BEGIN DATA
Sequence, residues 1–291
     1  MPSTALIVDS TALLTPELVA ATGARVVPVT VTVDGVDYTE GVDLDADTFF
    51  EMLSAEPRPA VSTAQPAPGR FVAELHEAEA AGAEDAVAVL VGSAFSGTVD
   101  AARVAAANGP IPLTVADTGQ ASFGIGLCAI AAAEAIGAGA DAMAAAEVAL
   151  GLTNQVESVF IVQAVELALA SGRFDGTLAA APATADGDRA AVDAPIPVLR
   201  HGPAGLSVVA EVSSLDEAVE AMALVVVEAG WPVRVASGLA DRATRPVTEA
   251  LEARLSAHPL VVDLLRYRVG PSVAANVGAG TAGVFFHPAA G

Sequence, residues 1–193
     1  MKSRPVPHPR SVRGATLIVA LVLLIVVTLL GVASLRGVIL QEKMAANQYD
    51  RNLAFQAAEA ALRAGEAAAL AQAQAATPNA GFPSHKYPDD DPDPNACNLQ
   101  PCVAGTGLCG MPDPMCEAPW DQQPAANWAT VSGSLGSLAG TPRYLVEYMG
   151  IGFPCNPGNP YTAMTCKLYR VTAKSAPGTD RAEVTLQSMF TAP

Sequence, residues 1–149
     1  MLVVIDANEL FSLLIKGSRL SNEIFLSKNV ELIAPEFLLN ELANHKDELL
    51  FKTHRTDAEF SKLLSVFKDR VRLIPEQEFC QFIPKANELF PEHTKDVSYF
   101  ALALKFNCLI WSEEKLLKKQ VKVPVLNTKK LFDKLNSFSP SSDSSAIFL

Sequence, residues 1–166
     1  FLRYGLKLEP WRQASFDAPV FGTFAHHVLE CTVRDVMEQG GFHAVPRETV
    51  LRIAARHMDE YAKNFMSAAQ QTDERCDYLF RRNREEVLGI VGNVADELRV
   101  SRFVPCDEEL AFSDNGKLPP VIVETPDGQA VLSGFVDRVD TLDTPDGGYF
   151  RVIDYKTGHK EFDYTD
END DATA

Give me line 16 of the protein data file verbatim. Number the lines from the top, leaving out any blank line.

   101  ALALKFNCLI WSEEKLLKKQ VKVPVLNTKK LFDKLNSFSP SSDSSAIFL